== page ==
Trump says US not seeking regime change in Iran but warns against retaliation for Soleimani killing

Iran warns of 'harsh revenge' as US dispatches 3,500 troops to region

Andrew Buncombe
Seattle
Friday 03 January 2020 16:25 GMT
Comments
Qassem Soleimani: Trump claims 'last night we took action to stop a war, not to start a war'

Donald Trump has insisted the US killed Qassem Soleimani ”to stop a war” not start one, but also warned Iran against retaliating over the targetted killing of its military leader.

In in his first public comments since the Quds Force leader was killed at Baghdad airport alongside an Iraqi militia leader, in a airstrike carried out by a Reaper drone, the president claimed he was not trying to exacerbate an already tense situation.

“Soleimani was plotting imminent and sinister attacks on American diplomats and military personnel but we caught him in the act and terminated him,” Mr Trump said in remarks at his Mar-a-Lago resort in Florida.

“We took action last night to stop a war. We did not take action to start a war.”

But he added: “He should have been taken out many years ago.”

The president’s brief appearance – he pointedly did not take questions from reporters – is unlikely to soothe the concerns of those who fear a rapid and potentially devastating escalation of hostilities.

Mr Trump has already dispatched a further 3,500 troops to the Middle East, and US civilians have been warned to return to return from Iraq.

As Iran threatened “harsh revenge”, the US state department was scrambling to bolster the safety and security of its diplomats overseas.

NYC Mayor Bill de Blasio: "We are in a de facto state of war"

Soleimani, a 62-year-old general who headed the overseas arm of the Revolutionary Guards, was regarded as the second most powerful figure in Iran after supreme leader Ayatollah Ali Khamenei.

The overnight attack, authorised by the president was a dramatic escalation in a “shadow war” in the Middle East between Iran and the United States and American allies, principally Israel and Saudi Arabia.

US secretary of state Mike Pompeo said the strike aimed to disrupt an “imminent attack” that would have endangered Americans in the Middle East. Democratic critics called the Republican president reckless and said he had raised the risk of more violence in a dangerous region.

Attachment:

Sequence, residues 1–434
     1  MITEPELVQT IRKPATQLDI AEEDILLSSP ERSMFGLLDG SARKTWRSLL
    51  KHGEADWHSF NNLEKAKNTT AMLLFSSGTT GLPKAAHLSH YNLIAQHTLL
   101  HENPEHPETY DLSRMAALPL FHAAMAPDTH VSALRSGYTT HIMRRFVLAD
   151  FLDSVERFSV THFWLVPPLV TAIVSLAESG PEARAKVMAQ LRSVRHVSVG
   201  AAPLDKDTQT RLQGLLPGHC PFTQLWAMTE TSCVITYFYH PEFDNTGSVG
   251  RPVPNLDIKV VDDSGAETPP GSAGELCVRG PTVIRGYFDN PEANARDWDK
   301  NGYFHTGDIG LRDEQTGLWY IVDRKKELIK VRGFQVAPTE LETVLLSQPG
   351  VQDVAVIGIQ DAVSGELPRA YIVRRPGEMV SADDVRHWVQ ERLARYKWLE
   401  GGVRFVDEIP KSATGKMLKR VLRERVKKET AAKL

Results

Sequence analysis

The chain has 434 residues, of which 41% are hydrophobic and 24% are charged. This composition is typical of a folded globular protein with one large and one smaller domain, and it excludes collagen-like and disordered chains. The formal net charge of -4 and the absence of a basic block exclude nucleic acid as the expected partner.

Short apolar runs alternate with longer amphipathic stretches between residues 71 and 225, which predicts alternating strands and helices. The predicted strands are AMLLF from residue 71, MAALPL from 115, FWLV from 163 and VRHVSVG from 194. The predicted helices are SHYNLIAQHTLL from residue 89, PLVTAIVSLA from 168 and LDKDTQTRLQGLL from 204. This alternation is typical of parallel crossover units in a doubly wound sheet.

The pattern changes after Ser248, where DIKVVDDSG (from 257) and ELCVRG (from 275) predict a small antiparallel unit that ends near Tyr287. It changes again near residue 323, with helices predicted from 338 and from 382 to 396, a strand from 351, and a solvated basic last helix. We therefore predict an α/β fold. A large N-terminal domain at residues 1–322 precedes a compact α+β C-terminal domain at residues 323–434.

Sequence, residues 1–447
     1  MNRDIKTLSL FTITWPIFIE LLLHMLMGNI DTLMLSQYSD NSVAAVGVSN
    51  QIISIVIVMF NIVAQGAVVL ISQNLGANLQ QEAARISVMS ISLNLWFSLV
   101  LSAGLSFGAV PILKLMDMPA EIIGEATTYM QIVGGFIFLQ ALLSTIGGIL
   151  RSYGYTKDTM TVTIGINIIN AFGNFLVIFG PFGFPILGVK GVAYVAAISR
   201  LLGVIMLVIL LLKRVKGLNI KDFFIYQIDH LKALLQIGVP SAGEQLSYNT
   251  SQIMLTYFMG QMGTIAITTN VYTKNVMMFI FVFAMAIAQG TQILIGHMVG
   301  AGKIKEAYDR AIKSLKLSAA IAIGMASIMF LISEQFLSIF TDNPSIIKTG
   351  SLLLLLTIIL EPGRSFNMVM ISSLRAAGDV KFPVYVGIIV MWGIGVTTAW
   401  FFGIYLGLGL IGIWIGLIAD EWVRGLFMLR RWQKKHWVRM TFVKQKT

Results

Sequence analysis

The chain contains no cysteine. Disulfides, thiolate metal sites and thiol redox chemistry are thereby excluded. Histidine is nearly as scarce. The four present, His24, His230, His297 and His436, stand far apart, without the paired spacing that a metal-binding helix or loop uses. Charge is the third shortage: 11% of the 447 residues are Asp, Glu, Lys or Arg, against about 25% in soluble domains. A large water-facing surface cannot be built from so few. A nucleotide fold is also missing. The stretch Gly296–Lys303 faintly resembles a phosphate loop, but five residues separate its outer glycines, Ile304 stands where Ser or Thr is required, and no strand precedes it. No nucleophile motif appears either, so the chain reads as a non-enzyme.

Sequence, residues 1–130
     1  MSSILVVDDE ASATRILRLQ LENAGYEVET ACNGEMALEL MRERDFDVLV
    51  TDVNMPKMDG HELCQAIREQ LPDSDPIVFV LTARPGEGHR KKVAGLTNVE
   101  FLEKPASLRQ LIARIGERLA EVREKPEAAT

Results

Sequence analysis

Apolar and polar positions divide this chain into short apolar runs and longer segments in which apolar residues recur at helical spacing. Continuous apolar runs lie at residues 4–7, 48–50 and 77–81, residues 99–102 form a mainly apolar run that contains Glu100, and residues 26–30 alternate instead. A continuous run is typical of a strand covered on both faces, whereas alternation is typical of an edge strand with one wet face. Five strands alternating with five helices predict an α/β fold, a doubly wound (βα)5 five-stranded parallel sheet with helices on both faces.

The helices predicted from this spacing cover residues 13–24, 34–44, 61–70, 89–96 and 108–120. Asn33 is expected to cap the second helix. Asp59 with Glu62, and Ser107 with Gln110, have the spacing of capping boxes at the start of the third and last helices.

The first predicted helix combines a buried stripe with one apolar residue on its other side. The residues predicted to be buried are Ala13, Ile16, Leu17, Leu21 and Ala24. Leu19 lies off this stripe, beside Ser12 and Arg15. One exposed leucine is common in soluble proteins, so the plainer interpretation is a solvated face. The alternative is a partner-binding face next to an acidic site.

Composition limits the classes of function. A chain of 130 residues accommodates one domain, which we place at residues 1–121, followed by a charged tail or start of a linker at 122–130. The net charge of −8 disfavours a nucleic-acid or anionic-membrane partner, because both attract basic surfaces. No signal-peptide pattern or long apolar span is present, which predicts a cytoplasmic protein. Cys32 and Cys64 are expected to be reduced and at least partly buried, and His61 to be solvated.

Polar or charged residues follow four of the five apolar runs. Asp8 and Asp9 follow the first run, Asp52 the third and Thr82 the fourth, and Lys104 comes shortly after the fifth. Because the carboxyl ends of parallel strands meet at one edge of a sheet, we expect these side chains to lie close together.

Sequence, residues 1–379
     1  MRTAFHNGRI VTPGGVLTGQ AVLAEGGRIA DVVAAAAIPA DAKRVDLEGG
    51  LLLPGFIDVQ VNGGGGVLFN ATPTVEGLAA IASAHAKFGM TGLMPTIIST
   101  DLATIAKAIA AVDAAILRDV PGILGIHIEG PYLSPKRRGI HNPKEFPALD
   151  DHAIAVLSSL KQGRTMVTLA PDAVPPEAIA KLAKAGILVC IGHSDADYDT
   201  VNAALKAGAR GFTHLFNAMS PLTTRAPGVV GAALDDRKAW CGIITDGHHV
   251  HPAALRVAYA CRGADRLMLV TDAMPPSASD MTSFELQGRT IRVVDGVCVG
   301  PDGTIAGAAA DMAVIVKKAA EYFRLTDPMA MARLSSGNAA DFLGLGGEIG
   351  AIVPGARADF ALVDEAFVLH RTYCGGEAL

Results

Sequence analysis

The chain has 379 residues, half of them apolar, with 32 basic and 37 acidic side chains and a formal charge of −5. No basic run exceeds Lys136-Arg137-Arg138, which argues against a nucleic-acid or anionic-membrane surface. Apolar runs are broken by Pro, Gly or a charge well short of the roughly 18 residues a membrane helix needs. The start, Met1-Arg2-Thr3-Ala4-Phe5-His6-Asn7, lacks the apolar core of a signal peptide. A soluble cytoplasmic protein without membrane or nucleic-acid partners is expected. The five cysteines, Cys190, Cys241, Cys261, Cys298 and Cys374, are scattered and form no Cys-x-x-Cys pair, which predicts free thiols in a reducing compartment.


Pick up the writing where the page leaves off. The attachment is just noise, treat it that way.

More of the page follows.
Mr Pompeo has declined to give details of the threat, but claimed in interviews with US broadcasters it was “an intelligence based assessment” that drove the decision to target Soleimani.

Later on Friday, Mr Trump’s national security adviser, Robert O’Brien, said the operation against Suleimani was “designed to prevent further bloodshed”. He said had just arrived from Damascus and was planning attacks on American service members and diplomats.

Asked for details of the planned attacks and what evidence the US had, Mr O’Brien, who said he was with the president when Suleimani was killed, said the information was “extraordinarily sensitive. He said the Iranian military leader “terrorist” who had operated in the region for 20 years. He declined to provide any further information.

Mr Trump claimed the US was not seeking “regime change” in Iran but also stated that Iran’s use of proxy fighters in the Middle East must end.

In reality, the US has been stepping up its campaign of “maximum pressure” campaign against Tehran since Mr Trump in May 2018 withdrew Washington from the multi-party Iran nuclear deal.

Most pertinently that campaign has involved crippling sanctions that have had a major impact on Iran’s economy, along with an advertising and social media campaign intended to undermine confidence in Iran’s leaders.

Additional reporting by agencies

Join our commenting forum

Join thought-provoking conversations, follow other Independent readers and see their replies

Comments

Thank you for registering

Please refresh the page or navigate to another page on the site to be automatically logged inPlease refresh your browser to be logged in